The Statements of San Diego Craft – 2015 – #9

SDCraftgraphicFinalIf you haven’t read my article, The State of San Diego Craft – 2015, you should. This will be a series of posts where I share the complete and full statements from 20+ amazing individuals that contributed to my work. This is it! The final post of statements that were shared with me while authoring my biggest article to date. I truly appreciate each and every person that took the time to write me and contribute to my work. When I started this process, I had no idea I would still be publishing these when it was time to start voting for the Sore Eye Cup (that happens tomorrow, by the way!), but there’s no way I would leave these amazing individuals out! Let’s jump in with one of my good friends, Tom for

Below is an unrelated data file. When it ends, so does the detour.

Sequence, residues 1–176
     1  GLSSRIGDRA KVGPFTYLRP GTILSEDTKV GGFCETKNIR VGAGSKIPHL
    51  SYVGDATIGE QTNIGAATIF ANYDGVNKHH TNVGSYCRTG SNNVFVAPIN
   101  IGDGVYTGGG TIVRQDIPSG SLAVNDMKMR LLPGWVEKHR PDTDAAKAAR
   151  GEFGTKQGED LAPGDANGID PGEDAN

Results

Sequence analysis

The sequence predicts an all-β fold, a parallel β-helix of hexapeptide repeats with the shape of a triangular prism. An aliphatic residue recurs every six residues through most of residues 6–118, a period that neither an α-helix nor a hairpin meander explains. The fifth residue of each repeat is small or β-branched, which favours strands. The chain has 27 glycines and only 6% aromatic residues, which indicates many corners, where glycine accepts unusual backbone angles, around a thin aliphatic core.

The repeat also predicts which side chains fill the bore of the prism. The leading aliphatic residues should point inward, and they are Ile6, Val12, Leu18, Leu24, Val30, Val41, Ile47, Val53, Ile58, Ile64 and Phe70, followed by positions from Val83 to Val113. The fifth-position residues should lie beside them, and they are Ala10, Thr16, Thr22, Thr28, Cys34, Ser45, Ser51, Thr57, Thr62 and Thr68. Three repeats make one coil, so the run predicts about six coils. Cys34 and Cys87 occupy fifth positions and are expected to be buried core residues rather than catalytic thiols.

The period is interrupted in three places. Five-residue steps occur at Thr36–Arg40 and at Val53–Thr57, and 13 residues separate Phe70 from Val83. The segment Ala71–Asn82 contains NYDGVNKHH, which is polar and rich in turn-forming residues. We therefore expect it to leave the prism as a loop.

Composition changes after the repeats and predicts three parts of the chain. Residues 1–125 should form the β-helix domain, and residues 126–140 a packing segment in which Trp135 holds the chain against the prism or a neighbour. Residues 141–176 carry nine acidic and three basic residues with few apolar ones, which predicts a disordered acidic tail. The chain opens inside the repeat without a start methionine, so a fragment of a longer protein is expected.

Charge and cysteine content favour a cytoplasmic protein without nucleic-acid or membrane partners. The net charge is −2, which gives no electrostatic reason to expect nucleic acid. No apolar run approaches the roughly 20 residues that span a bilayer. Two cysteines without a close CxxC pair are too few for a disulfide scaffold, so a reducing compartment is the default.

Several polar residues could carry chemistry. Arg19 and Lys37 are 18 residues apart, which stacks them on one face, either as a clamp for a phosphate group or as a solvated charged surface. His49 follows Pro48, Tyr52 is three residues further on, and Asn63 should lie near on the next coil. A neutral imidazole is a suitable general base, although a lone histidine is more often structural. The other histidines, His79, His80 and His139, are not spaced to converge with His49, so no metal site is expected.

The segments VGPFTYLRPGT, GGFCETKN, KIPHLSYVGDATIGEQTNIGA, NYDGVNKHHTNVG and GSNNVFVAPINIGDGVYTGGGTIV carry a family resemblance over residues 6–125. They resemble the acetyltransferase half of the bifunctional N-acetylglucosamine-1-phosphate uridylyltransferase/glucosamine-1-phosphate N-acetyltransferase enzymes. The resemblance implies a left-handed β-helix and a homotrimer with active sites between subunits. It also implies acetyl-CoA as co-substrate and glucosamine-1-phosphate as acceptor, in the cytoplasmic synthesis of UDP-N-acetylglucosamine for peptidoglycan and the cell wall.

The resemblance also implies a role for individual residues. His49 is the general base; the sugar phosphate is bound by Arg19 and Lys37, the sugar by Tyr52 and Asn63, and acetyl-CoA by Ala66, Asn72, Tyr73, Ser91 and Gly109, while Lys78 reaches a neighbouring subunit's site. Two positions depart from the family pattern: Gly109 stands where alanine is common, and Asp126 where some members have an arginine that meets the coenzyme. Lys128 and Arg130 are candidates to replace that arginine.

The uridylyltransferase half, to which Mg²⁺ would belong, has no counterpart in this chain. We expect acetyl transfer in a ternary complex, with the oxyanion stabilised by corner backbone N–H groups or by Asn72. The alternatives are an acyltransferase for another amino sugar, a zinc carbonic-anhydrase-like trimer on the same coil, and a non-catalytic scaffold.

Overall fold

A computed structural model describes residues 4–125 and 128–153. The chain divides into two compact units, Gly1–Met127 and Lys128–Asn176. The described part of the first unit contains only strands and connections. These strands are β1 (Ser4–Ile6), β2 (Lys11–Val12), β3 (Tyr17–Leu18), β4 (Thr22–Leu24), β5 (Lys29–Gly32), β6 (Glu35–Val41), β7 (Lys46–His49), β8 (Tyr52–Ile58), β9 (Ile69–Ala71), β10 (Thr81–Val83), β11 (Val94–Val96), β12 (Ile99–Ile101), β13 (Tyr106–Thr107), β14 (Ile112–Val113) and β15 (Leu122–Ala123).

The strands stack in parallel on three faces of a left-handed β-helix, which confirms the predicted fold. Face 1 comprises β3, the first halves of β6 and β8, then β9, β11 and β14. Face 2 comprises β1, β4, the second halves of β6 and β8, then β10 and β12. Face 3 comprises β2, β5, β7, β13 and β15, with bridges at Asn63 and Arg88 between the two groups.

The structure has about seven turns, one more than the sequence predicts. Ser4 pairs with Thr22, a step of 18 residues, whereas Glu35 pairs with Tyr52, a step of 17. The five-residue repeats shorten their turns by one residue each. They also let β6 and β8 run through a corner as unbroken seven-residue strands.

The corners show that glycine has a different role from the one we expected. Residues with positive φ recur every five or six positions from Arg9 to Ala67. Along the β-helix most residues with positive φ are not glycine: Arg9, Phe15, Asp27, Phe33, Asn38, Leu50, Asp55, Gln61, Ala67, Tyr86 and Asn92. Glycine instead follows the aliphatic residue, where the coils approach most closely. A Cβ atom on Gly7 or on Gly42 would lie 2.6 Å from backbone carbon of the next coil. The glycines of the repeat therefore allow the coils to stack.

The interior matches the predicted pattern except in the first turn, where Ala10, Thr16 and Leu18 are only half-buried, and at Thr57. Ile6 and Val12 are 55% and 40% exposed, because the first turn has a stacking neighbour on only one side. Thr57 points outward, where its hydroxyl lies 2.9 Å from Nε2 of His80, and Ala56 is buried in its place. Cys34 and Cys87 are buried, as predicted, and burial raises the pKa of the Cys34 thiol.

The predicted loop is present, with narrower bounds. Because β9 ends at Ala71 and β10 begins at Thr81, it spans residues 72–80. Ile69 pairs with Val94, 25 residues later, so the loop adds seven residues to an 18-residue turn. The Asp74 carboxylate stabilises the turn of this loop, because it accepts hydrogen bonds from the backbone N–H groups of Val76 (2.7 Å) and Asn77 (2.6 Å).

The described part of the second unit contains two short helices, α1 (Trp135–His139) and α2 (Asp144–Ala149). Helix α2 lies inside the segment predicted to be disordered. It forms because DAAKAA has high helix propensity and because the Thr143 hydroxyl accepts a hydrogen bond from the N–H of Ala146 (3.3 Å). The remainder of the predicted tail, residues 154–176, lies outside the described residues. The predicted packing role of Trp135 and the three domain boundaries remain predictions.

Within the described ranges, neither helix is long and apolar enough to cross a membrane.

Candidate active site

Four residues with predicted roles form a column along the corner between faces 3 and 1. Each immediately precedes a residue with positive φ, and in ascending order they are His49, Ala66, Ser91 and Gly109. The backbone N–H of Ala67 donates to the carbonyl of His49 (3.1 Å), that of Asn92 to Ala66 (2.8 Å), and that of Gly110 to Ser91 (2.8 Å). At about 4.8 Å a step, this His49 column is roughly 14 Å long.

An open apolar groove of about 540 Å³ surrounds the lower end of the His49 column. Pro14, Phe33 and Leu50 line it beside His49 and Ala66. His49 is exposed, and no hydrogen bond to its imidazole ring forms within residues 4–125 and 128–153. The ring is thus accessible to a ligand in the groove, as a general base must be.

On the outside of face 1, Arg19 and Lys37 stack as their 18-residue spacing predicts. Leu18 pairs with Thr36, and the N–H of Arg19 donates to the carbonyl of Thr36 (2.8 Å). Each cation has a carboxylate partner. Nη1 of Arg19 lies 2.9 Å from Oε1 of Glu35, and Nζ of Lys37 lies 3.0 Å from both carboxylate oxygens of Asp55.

It is incredibly encouraging and exciting to see local independent craft brewers continuing to grow their place in the ever expanding beer market. There is little reason to believe that the continued brewing of high quality craft beer will see the community reach even more lofty numbers in 2016. However it should noted that the craft beer industry could be in a state of flux as the tail end of 2015 saw several very prominent craft brewers forsake their independence and sell to larger corporations to help with their goals for global expansion. While it is important to understand the nature of all business is to earn a financial profit, it has become very clear that supporting high quality, local breweries is now more important than ever. AB-InBev owned 10 Barrel brewing will soon be setting up shop in San Diego, while the people of 10 Barrel may have honest intentions of trying to be a part of the community, the same cannot be said of their corporate master who, over the years, have done everything in their attempts to regain lost portions of the beer market by aggressively acquiring the competition or limiting avenues of distribution, by purchasing some of the largest beer distributors in the country, in an effort for put them out of business.